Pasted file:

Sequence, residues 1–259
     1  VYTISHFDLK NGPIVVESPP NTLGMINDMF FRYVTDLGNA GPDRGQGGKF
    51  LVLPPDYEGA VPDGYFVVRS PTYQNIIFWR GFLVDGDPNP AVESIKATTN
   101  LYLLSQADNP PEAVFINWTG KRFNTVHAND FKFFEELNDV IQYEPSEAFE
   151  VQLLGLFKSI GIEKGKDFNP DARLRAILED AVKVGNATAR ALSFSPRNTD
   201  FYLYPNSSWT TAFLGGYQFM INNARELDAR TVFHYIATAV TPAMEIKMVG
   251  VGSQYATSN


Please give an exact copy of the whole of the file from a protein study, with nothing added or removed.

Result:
Sequence, residues 1–259
     1  VYTISHFDLK NGPIVVESPP NTLGMINDMF FRYVTDLGNA GPDRGQGGKF
    51  LVLPPDYEGA VPDGYFVVRS PTYQNIIFWR GFLVDGDPNP AVESIKATTN
   101  LYLLSQADNP PEAVFINWTG KRFNTVHAND FKFFEELNDV IQYEPSEAFE
   151  VQLLGLFKSI GIEKGKDFNP DARLRAILED AVKVGNATAR ALSFSPRNTD
   201  FYLYPNSSWT TAFLGGYQFM INNARELDAR TVFHYIATAV TPAMEIKMVG
   251  VGSQYATSN